Toni may be the exact opposite of Nina, or she simply may be cloaking her insecurities in masculine bile. Her later actions suggest she has long since accustomed herself to humiliation, subordinance, and dependence; in other words, she is a perfect exemplification of a drug addict. This point is only made implicitly: her homelessness, shoplifting, pathological lies, and flailing power line of sexuality all bespeak terrible thirsts. But it is when we remember the first scene, when two ruffians who might have easily taken her honor take instead a few shots to her ribs, that we recognize the indebted pickpocket or substance abuser. Why doesn't Nina see all this? It is one of the film's finest conceits that Nina – who is neither a genius nor a credulist – does see it. She quickly identifies Toni as trouble yet wants to help her in the way that no one has ever bothered to help a teenage orphan who picks up trash in Berlin parks. Interposed with this Sapphic tale is the errand of Pierre, our opening scene's driver (Aurélien Recoing), which turns out to be the fetching of his wife Françoise (Marianne Basler) from a Berlin sanatorium. Françoise has been very sick for, well, about fifteen years now, when she committed the inexpiable sin of leaving her toddler daughter in a shopping cart for a minute unattended. Common sense screams that no one who really loves her child would ever do this; nevertheless, the warning persists for the unthinkable exception that for every parent is so very thinkable. Since the pain of such a mistake is insuperable, Françoise comes to Berlin more than once every year armed with forensic sketches of what her daughter would look like. Near our film's end, we are shown these sketches as well as the security camera footage from that Berlin supermarket and it curdles our blood. We tremble at the predator's alacrity, as well as at the likelihood that this is what Françoise sees every night when she tries so pathetically to fall asleep.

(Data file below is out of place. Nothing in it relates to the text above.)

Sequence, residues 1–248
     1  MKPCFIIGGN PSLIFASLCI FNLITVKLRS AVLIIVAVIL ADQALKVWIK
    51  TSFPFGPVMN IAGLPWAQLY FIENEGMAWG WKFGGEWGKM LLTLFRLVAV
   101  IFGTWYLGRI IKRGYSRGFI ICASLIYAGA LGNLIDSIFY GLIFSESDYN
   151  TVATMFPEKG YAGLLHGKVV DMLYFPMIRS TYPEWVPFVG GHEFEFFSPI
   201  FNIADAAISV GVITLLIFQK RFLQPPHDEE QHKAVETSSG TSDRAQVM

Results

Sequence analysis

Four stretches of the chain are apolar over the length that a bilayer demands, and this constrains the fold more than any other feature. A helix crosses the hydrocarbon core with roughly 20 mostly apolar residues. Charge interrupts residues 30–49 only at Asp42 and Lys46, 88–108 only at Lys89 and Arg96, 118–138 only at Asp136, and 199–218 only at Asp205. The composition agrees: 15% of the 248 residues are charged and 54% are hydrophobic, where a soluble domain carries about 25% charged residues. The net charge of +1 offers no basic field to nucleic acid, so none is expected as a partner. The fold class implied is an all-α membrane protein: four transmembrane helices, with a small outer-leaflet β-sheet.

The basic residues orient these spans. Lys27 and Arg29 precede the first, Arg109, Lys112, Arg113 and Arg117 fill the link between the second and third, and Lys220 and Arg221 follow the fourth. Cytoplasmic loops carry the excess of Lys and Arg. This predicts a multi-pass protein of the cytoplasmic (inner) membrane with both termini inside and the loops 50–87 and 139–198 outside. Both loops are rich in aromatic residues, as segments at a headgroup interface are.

How this childless French couple's story intertwines with that of a German orphan will not surprise even the most callow of viewers, but Petzold sees most plots as a contrivance. What matters to him, and should matter to the discerning admirer of his cinema, is how he works almost exclusively from a woman's point of view while avoiding the topoi typically reserved for females (if those subjects do not immediately spring to mind, you are reading the right pages). Perhaps for that very reason were critics not fond of Ghosts, which offers merely what its title promises: lonely strands of spectral existences, figures bound to the belief, as Petzold himself once observed, that "love can bring them back to life." Numerous vignettes show us what exactly these characters will do for love. There is an ex gratia breakfast that ends in tragedy; a remarkable soliloquy at a moment we could not possibly have expected; and a long and beautiful march out of the asylum, with a nurse opening a series of doors, one heavier than the next, then looking back at Françoise with mounting resentment. There also obtains, throughout our film, an equable camera as curious and desperate as the characters it stalks. But strangely enough, the most desperate is not Françoise but Toni. Timoteo's eyes and gait alone say everything she could ever express, and as a dingy, gamblesome, unabashed seducer, if one who must think ahead for her next pillow and meal, she is hypnotic. So when Françoise wrongly identifies the Bachian cantata's conductor as Gardiner, not Richter (as Pierre gently corrects her), should we see any symbolism in the German name's triumph over the Latinate? Or in the fact that Richter is German for judge, both the terrestrial and the heavenly? For some, indeed, there is no end to their affliction.